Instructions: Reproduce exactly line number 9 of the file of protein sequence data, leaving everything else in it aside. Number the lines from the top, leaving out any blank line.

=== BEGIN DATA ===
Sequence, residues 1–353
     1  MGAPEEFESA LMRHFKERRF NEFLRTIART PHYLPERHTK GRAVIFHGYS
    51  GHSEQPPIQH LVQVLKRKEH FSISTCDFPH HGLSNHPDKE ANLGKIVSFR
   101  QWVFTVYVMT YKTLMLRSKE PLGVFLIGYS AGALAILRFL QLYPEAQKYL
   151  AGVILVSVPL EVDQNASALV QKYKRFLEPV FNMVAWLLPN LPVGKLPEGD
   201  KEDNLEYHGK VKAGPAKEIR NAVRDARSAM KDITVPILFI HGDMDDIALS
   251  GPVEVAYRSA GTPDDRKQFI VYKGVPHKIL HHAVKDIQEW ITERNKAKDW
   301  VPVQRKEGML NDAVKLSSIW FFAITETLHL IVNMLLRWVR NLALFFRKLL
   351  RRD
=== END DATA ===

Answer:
   351  RRD